Jacques Chambers
Jacques Chambers

For persons dealing with HCV, the recent introduction of the new medications that appear to provide the complete annihilation of the virus truly is miraculous. Access to the medications is another story, however. Insurance companies want to protect their profits; Medicaid programs are scrambling to find a way to budget the enormous cost of providing these medications to those who need them.

Also, as marvelous as the medications are at killing the virus, they are unable to repair the damage to the body that the virus has already caused, up to and including cirrhosis. While dealing with the physical and medical issues is vital, there are emotional issues as well that need to be at least acknowledged and dealt with should you find yourself in the position that you are no longer able to work and stay healthy.

The emotional impact of such an event may seem like one of those issues that is too basic to spend much time thinking about. Of course, there’s an emotional impact on leaving work for disability. Who wouldn’t be depressed? However, there is usually more to it than that, and not being prepared for it can put you into a tailspin that can affect your mental well being as well as your physical health.

In my years of working with clients, I have found that making the transition from work to disability is a major life event, right up there with getting married or moving, and it can have broad repercussions on actions as well as feelings and emotions. It can also have a dramatic effect on your ability to make decisions objectively and rationally. Clients who recognize this impact and know to expect such feelings are better prepared to deal with them and minimize them when they occur.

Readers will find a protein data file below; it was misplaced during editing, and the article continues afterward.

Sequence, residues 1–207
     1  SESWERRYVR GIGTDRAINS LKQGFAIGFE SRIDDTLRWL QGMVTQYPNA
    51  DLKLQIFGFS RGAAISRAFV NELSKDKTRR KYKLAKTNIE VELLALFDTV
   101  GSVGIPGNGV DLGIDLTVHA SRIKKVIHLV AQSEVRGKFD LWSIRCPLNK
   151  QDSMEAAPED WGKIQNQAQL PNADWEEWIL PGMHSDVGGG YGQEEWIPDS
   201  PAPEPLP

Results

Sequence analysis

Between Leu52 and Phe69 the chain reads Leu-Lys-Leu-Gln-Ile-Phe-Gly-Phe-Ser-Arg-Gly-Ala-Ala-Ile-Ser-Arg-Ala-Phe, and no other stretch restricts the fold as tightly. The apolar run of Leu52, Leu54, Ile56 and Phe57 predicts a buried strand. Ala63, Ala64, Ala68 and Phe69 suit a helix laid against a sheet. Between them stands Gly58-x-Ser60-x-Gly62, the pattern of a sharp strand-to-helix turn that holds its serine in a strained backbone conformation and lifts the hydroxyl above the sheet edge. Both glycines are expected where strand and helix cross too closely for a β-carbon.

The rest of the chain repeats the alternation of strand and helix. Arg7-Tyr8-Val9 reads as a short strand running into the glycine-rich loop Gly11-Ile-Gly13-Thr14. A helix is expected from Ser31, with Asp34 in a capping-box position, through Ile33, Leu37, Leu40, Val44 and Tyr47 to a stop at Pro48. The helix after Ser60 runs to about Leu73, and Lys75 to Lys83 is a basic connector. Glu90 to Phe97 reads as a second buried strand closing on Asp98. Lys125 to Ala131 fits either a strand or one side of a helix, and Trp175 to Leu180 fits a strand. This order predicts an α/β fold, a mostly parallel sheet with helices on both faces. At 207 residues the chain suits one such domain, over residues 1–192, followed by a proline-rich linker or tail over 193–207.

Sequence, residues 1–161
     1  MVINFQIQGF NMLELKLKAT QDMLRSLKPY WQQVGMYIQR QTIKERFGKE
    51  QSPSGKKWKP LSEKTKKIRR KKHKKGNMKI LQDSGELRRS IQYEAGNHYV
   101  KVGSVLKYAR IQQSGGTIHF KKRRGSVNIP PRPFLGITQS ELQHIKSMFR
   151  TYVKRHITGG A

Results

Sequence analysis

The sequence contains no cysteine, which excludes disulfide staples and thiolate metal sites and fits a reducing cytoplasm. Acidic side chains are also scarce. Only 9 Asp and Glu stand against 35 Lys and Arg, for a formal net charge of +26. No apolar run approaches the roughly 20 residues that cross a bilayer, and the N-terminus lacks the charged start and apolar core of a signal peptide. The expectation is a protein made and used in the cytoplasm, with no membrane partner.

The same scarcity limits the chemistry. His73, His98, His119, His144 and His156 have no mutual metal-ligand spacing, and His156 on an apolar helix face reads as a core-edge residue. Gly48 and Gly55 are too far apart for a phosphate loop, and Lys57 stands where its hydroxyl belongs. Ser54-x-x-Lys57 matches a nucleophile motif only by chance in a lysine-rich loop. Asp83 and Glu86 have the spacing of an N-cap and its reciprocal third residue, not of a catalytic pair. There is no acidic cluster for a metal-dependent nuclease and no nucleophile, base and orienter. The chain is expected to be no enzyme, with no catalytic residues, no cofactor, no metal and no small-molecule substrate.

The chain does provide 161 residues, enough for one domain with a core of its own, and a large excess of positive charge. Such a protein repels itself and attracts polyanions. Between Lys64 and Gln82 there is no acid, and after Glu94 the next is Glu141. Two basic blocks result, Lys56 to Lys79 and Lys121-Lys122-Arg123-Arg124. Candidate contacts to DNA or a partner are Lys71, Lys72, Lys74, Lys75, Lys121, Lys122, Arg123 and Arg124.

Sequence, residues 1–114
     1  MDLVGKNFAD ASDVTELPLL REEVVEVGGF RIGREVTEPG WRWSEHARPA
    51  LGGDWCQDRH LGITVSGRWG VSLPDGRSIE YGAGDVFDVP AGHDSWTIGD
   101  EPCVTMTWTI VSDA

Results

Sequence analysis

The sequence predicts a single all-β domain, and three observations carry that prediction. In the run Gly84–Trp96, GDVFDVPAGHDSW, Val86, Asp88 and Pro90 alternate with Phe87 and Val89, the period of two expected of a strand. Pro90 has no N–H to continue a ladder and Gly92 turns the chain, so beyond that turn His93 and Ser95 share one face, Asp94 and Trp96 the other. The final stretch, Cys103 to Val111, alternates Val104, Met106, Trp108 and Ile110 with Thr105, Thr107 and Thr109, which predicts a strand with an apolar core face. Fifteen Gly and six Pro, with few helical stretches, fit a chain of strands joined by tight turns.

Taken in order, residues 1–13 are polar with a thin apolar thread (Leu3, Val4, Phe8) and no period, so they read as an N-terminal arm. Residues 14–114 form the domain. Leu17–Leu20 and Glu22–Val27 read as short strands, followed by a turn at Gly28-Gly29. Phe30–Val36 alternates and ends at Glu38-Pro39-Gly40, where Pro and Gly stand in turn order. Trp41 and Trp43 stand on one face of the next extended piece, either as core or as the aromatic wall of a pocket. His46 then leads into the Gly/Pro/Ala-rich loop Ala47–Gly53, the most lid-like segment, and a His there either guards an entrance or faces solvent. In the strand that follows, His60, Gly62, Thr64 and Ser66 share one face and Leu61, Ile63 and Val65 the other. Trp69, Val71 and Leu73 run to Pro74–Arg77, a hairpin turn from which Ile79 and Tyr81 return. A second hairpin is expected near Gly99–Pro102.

What, emotionally, will happen to me?
Don’t worry, you won’t “totally lose it.” As with medical symptoms the emotional impact will vary from person to person. The emotional repercussions of leaving work on disability often take the form of depression, lack of concentration, inability to focus on a goal and achieve it, as well as general feelings of malaise, helplessness, and fear of the future. It can also interfere with your ability to think objectively and react rationally. There may be other symptoms both emotional and physical. The important thing to remember is that, uncomfortable as these symptoms are, they are a natural part of this change you are making, and they will pass. Everyone in a similar situation goes through a similar process.

Why does this happen?
Part of it is obvious. You are moving from active work to inactive disability; that’s a major life event and would upset anyone. There are other factors as well, primarily the sense of loss of control and having to battle old messages drilled into you by society since childhood. In many cases, a person self-identifies with the work they do.